Lichen, Guilt, and the Grace of God

How carbon footprints trap us in guilt, and how lichen shows us the way back to God’s grace

By Marnie Klassen, A Rocha Manitoba Communications and Admin Assistant

August 31, 2022

By now, we’ve nearly all heard the term carbon footprint.* Like double-double and selfie, the term has become ubiquitous, especially among those of us who spend our time taking care of the earth. As I think through the next few months in my own life, I find myself wondering if I ought to cut out one of my flights home, realizing that I’ve gone over my carbon budget for 2022. With IPCC reports coming out the wazoo, extreme weather events making the news each week, and climate anxiety making its rounds on social media (and in our hearts), it’s all too easy to feel responsible for the climate and the earth, and to feel guilty. 

But what if we listened to the voice of creation?

I love to think about lichen. Lichen is a symbiotic relationship between ‘algae or cyanobacteria’ and fungi.**  Lichen is often found on trees and rocks, biotic and abiotic parts of an ecosystem. Trees + rocks + algae + fungi does not equal an ecosystem, but it does equal a sliver of an ecosystem – a system that is made to function a certain way, to grow and thrive and support a variety of organisms, even as some compete with each other, and as populations rise and fall. An ecosystem is designed for equilibrium, for balance. 

We’ve been tossing an idea around the Manitoba office lately: systems are not broken, but rather function the way they are designed. Allow me to play with this system for a moment – the symbiotic relationship of lichen is a system designed to function for growth and mutuality. But, the system of carbon footprints is also designed a certain way, and it’s functioning the way it was built to. 

Unfortunately, the idea of the carbon footprint was co opted in the early 2000s to change the story we told about climate change – the responsibility was placed not on industry, corporations, and government as well as individuals, but now the responsibility was entirely placed upon the individual. The system of the carbon footprint is designed to make us feel guilty.*** 

Now let me be clear! I am not saying that it is a waste of time and energy to calculate your carbon footprint. This is a helpful tool. BUT… it is a tool meant to be used alongside other tools, tools that don’t tell us that climate change is solely our fault, but that remind us that it is our collective responsibility.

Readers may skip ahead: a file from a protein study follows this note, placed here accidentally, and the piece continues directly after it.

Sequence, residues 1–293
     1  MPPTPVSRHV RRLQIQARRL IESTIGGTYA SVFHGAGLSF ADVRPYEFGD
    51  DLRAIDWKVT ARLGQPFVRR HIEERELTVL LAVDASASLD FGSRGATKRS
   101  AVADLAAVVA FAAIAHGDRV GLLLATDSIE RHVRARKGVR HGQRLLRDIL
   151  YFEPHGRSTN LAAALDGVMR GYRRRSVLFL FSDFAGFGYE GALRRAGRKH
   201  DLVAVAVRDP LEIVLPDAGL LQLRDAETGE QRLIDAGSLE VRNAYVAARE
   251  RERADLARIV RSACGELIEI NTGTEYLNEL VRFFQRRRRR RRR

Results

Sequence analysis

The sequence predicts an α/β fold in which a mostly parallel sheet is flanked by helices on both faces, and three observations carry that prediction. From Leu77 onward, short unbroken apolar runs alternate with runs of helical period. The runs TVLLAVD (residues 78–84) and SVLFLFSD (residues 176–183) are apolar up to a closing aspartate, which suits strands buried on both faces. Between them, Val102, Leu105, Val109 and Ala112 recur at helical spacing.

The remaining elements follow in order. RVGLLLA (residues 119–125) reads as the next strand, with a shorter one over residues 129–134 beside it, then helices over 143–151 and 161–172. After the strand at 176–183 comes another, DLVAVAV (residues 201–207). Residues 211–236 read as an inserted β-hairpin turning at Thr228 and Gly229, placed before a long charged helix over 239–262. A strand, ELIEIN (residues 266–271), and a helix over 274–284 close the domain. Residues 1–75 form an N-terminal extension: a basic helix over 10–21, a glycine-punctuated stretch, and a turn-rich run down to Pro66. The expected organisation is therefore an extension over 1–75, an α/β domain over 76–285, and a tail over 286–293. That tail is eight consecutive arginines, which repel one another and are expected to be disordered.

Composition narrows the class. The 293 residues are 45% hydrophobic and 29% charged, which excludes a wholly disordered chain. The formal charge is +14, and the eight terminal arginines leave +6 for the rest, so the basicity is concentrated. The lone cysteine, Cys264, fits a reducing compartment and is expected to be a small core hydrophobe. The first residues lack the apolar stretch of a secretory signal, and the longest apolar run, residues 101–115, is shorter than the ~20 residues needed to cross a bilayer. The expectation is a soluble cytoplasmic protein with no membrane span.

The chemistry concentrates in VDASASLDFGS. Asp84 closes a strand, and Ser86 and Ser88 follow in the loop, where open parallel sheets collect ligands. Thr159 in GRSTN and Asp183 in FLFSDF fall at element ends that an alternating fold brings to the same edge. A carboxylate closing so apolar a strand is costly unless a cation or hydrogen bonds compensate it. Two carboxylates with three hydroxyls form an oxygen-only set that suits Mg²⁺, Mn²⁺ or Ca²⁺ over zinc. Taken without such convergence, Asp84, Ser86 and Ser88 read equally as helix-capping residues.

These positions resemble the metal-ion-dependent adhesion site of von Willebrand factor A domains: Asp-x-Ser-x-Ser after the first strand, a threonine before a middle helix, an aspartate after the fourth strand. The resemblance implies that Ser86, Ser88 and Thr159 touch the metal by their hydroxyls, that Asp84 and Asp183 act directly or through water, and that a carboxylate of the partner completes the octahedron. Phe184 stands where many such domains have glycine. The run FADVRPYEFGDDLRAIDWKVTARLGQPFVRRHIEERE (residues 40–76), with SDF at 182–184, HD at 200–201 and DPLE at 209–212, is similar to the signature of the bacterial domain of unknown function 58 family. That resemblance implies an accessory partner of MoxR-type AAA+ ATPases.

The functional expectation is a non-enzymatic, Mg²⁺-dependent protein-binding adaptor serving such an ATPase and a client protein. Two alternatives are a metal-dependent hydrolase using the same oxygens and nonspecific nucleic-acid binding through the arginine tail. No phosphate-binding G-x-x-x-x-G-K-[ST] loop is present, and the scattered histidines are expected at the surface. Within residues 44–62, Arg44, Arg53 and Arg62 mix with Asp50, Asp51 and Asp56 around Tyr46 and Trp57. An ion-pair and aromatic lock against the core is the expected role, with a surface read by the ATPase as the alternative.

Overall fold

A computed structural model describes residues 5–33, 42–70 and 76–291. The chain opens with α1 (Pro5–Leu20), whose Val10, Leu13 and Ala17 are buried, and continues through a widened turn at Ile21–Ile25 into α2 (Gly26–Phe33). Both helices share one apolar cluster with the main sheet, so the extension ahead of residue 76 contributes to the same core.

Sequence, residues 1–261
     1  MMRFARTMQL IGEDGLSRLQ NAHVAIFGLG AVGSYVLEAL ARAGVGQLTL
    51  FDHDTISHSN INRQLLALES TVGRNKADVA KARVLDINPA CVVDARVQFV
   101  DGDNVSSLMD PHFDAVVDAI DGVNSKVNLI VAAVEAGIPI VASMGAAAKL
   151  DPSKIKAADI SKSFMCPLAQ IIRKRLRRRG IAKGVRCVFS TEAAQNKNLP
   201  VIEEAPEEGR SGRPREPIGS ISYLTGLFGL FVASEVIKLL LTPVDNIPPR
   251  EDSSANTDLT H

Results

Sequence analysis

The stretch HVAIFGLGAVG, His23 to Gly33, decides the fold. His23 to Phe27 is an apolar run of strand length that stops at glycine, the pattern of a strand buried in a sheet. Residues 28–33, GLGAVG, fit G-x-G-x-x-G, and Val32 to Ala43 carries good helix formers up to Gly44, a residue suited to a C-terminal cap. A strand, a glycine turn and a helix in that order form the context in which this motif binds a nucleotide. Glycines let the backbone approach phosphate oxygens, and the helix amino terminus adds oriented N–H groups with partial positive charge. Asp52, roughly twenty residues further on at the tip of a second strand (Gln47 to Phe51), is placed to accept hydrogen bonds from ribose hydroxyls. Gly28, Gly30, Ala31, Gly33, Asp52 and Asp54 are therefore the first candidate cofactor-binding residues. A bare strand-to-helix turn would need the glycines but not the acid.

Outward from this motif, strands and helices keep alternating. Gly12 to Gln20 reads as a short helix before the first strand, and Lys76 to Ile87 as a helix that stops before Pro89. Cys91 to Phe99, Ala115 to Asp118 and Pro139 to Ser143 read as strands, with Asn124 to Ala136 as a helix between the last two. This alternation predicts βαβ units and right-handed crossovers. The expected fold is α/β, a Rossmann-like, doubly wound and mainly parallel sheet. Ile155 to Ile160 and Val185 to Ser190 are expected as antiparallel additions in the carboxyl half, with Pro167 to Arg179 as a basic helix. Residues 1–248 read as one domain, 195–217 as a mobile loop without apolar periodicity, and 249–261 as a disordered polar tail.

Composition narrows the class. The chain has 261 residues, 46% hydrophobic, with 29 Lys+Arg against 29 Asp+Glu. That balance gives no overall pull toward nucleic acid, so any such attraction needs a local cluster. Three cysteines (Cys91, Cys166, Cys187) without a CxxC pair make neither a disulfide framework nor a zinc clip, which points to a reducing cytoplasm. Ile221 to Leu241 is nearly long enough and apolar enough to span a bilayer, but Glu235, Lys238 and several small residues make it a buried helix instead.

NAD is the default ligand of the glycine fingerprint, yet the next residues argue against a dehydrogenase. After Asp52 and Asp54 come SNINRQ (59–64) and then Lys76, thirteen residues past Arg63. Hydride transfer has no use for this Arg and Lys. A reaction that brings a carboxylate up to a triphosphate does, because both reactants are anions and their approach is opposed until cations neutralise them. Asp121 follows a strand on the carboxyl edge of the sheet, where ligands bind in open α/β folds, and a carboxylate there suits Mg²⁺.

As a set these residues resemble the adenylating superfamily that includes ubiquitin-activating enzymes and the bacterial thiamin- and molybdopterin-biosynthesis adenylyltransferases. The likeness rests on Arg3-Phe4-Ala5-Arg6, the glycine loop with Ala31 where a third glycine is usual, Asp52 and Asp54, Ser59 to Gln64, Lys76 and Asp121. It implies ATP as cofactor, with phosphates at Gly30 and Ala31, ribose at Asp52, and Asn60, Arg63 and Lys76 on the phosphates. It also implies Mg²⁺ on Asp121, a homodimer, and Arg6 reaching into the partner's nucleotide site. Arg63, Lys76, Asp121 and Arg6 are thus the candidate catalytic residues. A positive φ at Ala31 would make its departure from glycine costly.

The point is this: climate change and ecological degradation are a shared responsibility between us (individuals) and systems. Not only that, but we walk hand in hand with God on the journey to care for creation. 

Creation theologian Colin Bell says this:

“Our work is not to save the planet, or to bring about the kingdom of God by our own efforts. We are rather called to live as instantiations of the kingdom of God, members of a resistance movement against all that would destroy God’s creation, trusting in his grace for the future.”****

Does this mean that we don’t have work to do? Not at all! We get to work alongside God in God’s great task of redeeming creation. So do we need to feel guilty for not doing enough to lower our carbon footprint? No!! We get to do the work without carrying the responsibility solely on our shoulders. 

So where do we go from here?

Think about a system you’re involved in, and then think about what kind of influence you might have over that system. Maybe you’re a teacher – consider how you can help implement better composting practices at your school, or advocate for more energy efficiency in the building. Many of you reading this attend a church – while a church is a community, it is also a system – consider how you can influence your congregation to care for creation! Believe it or not, this is systemic change. By working together, we take the guilt off of our shoulders and replace it with cooperation, with momentum, and with hope. 

Just like lichen, a small system that works the way it is meant to, we too can speak into the systems we are a part of, helping them to carry the weight of creation care with us. 

*Carbon footprint refers to the equivalent amount of greenhouse gasses produced by one person’s lifestyle, per year. See to learn more. 




Featured photo: Hannah Mae Henry
Photos of moss, fungi, and lichen in this post are from ARBC’s Brooksdale Centre and from ARMB’s Boreal Ecology Centre 

Season of Creation

Listening to the Voice of Creation

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